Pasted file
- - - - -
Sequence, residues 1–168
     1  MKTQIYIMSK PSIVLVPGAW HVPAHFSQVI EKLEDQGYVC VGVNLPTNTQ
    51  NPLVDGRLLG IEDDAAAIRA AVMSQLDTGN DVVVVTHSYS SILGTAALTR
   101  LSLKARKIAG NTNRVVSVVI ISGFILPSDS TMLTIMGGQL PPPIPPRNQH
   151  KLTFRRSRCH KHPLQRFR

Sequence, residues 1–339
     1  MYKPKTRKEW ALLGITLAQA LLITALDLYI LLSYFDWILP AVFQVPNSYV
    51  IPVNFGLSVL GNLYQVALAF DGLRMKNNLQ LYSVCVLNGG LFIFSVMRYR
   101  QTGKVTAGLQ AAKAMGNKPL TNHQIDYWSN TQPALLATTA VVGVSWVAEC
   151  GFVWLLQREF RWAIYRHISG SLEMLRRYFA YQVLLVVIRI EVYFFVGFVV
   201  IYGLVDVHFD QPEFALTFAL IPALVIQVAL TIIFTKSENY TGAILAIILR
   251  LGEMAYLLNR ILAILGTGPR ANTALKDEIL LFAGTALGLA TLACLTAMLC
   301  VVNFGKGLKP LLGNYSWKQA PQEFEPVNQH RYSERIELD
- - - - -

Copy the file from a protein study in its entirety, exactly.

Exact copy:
Sequence, residues 1–168
     1  MKTQIYIMSK PSIVLVPGAW HVPAHFSQVI EKLEDQGYVC VGVNLPTNTQ
    51  NPLVDGRLLG IEDDAAAIRA AVMSQLDTGN DVVVVTHSYS SILGTAALTR
   101  LSLKARKIAG NTNRVVSVVI ISGFILPSDS TMLTIMGGQL PPPIPPRNQH
   151  KLTFRRSRCH KHPLQRFR

Sequence, residues 1–339
     1  MYKPKTRKEW ALLGITLAQA LLITALDLYI LLSYFDWILP AVFQVPNSYV
    51  IPVNFGLSVL GNLYQVALAF DGLRMKNNLQ LYSVCVLNGG LFIFSVMRYR
   101  QTGKVTAGLQ AAKAMGNKPL TNHQIDYWSN TQPALLATTA VVGVSWVAEC
   151  GFVWLLQREF RWAIYRHISG SLEMLRRYFA YQVLLVVIRI EVYFFVGFVV
   201  IYGLVDVHFD QPEFALTFAL IPALVIQVAL TIIFTKSENY TGAILAIILR
   251  LGEMAYLLNR ILAILGTGPR ANTALKDEIL LFAGTALGLA TLACLTAMLC
   301  VVNFGKGLKP LLGNYSWKQA PQEFEPVNQH RYSERIELD